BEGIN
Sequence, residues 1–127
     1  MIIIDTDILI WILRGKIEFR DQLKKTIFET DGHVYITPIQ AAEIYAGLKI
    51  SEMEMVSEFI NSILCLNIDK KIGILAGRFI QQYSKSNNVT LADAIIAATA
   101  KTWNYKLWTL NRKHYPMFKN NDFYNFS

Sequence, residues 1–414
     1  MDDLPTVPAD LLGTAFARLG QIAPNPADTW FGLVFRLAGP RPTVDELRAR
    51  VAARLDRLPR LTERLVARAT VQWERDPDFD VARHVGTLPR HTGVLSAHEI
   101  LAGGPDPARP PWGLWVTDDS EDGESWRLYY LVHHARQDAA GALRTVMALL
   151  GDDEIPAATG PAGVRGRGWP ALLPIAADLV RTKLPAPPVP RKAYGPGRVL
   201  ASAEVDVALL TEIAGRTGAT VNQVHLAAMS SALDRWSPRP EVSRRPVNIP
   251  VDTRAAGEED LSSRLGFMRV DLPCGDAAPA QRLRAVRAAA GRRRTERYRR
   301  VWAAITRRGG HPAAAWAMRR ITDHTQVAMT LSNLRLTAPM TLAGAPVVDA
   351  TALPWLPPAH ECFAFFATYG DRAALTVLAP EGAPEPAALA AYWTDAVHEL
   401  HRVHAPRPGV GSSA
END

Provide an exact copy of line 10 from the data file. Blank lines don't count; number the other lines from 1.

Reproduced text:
   201  ASAEVDVALL TEIAGRTGAT VNQVHLAAMS SALDRWSPRP EVSRRPVNIP